We input our unique four numbers, reach for the hand sanitiser as the keypad is cleansed with an antibacterial wipe, wait as the little slip of paper appears through the serrated teeth and rarely think any more about it. Yet the payment we have just made has engaged the functionality of the very same system that was built half a century ago, to provide safety and navigation information at sea.
Originally developed by the US Navy in the 1970s for ship positioning and navigation, the precise timing of the Global Positioning System (GPS) is invaluable to modern electronic commerce. For example, bank transfers and payment card transactions would be greatly hobbled if the system were to shut down, which it does, from time to time.
I smiled as I read this quote from Global Defence Technology where “GPS has been likened to the equivalent of relying on the light from a 25w bulb shining in Sydney to see your way around New York”. Let’s take a moment to consider the interruptions that can wreak havoc with GPS reception, from sunspots and natural events in the ionosphere to civilian and military transmissions, in addition to the often criminal activities of foreign militaries and terrorists.
Consider now the impact on our daily lives should the GPS signals be suddenly disabled. Ships and aircraft, truck and taxi could be ‘lost’; the financial and communication activities, public utilities, security and humanitarian operations and emergency services may well come to a standstill. GPS is everywhere and in everything. As the presidential election of the USA finally concludes, were the subscribers of the Official Trump 2020 App aware that their precise location was being accessed through the GPS?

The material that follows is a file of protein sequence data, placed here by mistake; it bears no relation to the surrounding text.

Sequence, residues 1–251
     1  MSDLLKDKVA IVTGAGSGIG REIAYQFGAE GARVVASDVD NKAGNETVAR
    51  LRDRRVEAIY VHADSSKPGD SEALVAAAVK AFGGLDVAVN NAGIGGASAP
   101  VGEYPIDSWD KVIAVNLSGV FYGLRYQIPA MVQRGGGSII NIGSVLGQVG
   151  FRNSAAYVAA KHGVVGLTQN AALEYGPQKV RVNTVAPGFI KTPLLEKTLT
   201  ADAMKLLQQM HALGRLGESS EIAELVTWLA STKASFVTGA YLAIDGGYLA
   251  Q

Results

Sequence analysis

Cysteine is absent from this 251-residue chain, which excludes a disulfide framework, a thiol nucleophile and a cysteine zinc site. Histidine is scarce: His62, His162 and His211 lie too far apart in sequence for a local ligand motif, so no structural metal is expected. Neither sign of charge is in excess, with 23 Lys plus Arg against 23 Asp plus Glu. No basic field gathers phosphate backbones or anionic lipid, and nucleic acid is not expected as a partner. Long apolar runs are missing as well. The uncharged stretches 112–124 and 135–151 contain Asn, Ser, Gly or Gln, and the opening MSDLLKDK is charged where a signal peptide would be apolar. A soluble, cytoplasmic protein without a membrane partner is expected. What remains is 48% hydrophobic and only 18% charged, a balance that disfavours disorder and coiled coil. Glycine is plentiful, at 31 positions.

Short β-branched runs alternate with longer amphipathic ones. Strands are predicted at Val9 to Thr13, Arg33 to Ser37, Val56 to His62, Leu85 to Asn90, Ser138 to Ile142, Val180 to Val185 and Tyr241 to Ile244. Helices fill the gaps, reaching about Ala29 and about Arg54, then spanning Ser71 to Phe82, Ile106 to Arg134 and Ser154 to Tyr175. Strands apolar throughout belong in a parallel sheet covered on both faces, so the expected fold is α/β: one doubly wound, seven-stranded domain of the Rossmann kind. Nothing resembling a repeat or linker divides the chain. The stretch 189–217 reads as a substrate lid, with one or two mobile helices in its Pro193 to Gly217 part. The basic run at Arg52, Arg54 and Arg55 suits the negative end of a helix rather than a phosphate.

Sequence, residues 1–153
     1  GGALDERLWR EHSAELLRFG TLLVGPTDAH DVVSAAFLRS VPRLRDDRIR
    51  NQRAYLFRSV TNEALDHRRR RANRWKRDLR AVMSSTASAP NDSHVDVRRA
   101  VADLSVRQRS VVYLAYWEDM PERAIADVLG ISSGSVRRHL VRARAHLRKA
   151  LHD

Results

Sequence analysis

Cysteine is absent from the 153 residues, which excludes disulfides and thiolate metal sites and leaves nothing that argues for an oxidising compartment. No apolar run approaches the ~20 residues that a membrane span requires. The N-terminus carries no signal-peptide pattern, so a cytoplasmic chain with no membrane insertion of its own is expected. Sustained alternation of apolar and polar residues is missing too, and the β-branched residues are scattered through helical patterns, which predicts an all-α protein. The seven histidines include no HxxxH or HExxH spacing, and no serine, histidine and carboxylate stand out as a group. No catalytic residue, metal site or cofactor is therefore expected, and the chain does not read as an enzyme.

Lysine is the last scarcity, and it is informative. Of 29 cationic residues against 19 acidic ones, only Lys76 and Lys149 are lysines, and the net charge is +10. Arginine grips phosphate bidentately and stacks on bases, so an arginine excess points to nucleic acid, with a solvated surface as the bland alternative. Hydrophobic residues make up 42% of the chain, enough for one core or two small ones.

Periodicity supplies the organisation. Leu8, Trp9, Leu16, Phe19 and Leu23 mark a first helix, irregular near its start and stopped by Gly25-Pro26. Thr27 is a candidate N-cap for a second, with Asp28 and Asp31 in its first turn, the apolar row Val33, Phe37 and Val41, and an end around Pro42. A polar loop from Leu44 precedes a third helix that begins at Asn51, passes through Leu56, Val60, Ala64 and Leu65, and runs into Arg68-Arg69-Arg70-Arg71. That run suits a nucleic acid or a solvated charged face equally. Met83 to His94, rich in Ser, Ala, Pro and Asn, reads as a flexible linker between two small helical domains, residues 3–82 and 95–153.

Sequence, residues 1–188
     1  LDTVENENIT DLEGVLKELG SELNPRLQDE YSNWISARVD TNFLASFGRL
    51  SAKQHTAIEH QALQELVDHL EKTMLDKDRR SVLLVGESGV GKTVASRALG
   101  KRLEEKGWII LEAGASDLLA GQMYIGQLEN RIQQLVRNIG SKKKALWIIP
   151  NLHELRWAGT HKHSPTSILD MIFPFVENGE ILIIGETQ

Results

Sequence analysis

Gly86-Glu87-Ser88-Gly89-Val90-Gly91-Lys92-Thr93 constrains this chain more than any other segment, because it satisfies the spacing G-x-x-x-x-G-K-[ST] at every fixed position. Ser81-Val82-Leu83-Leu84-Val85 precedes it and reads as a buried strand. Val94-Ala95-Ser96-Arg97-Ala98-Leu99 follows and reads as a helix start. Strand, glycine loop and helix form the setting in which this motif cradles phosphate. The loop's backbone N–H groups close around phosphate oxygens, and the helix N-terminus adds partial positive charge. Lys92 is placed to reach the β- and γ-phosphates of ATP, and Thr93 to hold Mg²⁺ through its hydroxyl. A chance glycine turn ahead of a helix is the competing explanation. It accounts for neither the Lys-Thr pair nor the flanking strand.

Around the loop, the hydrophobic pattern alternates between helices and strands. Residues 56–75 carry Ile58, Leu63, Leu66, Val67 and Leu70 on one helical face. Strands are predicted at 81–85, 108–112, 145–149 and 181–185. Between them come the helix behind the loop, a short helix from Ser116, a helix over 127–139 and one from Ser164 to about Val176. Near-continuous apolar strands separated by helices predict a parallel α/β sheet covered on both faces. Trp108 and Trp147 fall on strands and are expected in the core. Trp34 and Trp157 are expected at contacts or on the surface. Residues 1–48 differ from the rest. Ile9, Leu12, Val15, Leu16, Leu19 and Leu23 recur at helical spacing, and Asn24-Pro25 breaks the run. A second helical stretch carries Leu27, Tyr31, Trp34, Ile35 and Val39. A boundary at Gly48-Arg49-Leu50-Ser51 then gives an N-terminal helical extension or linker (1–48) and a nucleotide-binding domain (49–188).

So, why does a system, that is so deeply integrated into so many aspects of our lives, have such frailty?
As the use of the satellite-based system continues to expand, the implications of potential signal failure become even greater and the continued use of what is, arguably, an old fashioned piece of kit raises the increasingly frequent use of the term ‘single point of failure’ (SPOF).
An SPOF exists when the loss, or malfunction, of just one crucial element within the system, can incapacitate the whole of the rest of it. The system is vulnerable.
The GPS service is provided by the United States government. They can selectively degrade the service at any time and deny access to the system as and when it so chooses. This was well documented in the case of the Indian military in 1999 whilst fighting in the Kashmir region during the Kargil conflict. Periodically, the GPS signals in selected areas are degraded for a short time, but advance notice is usually provided. This is when an interruption is controlled. There are many occasions where interference comes from unwelcome sources.
GPS interference occurs frequently in locations like Chinese waters, the Black Sea and the eastern Mediterranean. The blame for such incidents has been laid at the doors of the Russian and Chinese governments. Whilst the interference may have been without the intention of harm, and probably as tests and demonstrations of their own system’s capabilities, if international tensions were to rise dramatically, it should be assumed that GPS interference will become more widespread.